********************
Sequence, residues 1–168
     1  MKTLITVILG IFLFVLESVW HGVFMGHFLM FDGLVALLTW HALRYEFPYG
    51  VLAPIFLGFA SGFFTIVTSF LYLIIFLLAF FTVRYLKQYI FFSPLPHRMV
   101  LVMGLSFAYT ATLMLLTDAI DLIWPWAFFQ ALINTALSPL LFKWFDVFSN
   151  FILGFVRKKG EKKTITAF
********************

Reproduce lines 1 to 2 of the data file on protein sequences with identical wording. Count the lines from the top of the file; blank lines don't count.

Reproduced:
Sequence, residues 1–168
     1  MKTLITVILG IFLFVLESVW HGVFMGHFLM FDGLVALLTW HALRYEFPYG